The ED SF Project

The Ellen Datlow/SCI FICTION Project, that is. We're showing the love for five and a half years of great short fiction, and we need your help! We've got over 300 stories to cover, so if you're a person who loves short speculative fiction, we want you. Go here to read the list and add your voice.

Tuesday, November 29, 2005

"The Prize of Peril," by Robert Sheckley: An Appreciation by John Kessel

This one I remember reading as a kid, probably twelve or thirteen, a few years after it was first published in Fantasy and Science Fiction. At the time it seemed an outrageous satire: a TV show where an ordinary guy volunteers to be chased down by gangland killers? Camera crews following him through the streets? Helicopters and Good Samaritans? It seemed an impossibly dystopian America where big media has grown like a cancer to destroy any sense of reality or civic decency. Remember, this was at a time when there were three broadcast networks--more like two and a half, with ABC a fledgling--and the limit of TV risk was The $64,000 Question.

But looking back from the age of Survivor and The Amazing Race and Fear Factor, Sheckley's preposterous exaggeration seems like cool prescience. "The Prize of Peril" has it all-—the unctuous TV host "Mike Terry", the real-life contestant chosen because he's handsome and not too smart, the engaged and participating audience, the vicarious thrills edging toward obscenity. A populace glued to their televisions, whose lives are so hollow, whose prospects are so limited, whose dazzlement by the celebrity culture is so complete that the chance to be famous is worth any risk. Jim's truck driver friend clues him in on the chance he has to make it big:

"In the old days you had to be a professional boxer or footballer or hockey player if you wanted your brains beaten out legally for money. But now that opportunity is open to ordinary people like you, Jim."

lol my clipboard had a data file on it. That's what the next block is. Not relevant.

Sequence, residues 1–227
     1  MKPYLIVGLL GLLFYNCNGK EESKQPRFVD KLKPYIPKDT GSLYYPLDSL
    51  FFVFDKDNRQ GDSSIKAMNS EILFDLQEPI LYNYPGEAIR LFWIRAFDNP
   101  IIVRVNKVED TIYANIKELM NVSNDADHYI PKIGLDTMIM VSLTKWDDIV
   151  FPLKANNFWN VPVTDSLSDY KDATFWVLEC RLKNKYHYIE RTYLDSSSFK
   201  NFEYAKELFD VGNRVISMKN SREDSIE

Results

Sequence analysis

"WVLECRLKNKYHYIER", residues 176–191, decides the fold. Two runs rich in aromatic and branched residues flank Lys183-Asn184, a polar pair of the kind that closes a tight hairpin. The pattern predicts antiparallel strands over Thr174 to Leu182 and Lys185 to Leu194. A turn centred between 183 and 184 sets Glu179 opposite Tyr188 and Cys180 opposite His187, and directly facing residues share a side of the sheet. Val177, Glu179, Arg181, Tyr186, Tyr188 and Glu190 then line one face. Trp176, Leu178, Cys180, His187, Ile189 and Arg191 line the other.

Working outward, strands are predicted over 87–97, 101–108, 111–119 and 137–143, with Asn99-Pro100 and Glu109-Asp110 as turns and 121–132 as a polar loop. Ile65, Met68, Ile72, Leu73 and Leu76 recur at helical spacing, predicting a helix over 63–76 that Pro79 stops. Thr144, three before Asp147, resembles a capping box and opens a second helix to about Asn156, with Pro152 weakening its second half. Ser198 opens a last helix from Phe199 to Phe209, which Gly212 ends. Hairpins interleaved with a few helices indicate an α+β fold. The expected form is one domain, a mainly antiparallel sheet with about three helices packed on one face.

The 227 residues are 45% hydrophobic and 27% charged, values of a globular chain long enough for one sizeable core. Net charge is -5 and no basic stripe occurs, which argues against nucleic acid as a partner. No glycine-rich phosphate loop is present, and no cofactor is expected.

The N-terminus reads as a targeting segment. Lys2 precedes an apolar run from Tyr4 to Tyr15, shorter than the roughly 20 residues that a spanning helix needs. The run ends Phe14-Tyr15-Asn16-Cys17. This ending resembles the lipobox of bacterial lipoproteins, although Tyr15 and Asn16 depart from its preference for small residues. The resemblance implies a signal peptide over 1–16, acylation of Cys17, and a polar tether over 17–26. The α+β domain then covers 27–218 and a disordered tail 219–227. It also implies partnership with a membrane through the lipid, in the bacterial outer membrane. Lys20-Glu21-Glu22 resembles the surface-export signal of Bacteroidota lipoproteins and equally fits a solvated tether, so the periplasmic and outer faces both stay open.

"I see," Raeder said again.

"It's a marvelous opportunity."

Sheckley's cynicism about the public is complete. The moral posturing of Mike Terry and his flattery of the audience's concern for Jim is a thin veil over excited voyeurism and complicity. For every Good Samaritan ready to help Jim escape there is an informer eager to see him die.

Jim Raeder is an average man. Like a Frank Capra hero, like Gary Cooper in Meet John Doe, Jim is the people. He's good looking (an ugly person can't be the people), and in no way intimidating (neither can a smart one). But this story is a slap in the face of Capracorn: the average man is a moron, and the engaged citizenry has become a passive audience. Democracy has turned into sublimation, torture, and vicarious thrills.

Sometimes, reaching for outrage, the satirist hits closer to home than the writer who confines himself to the probable. Here's a quote I just copied from a TV listing for next week:

Teams of two compete in extreme stunts for keys to unlock a submerged car containing one million dollars. Stunts include a helicopter stunt and crawling through a ventalation [sic] system with rats, spiders, and flames. Also, [the show] travels to Phoenix, Arizona for an all new Home Invasion segment.

Link to story.

John Kessel teaches in the MFA program in Creative Writing at North Carolina State University. He has published three novel and more than fifty short stories, two of which were published on SCI FICTION.


Blogger mike weber/fairportfan said...

Amazing how the summary sort of reminds me of a film featuring some big dumb muscle guy who'd make a perfect gevernor or other...

7:29 AM  
Anonymous mjhollman said...

And you wrote this long b/f "Hunger Games."
This story is one reason I somewhat disdain HG.

7:51 AM  

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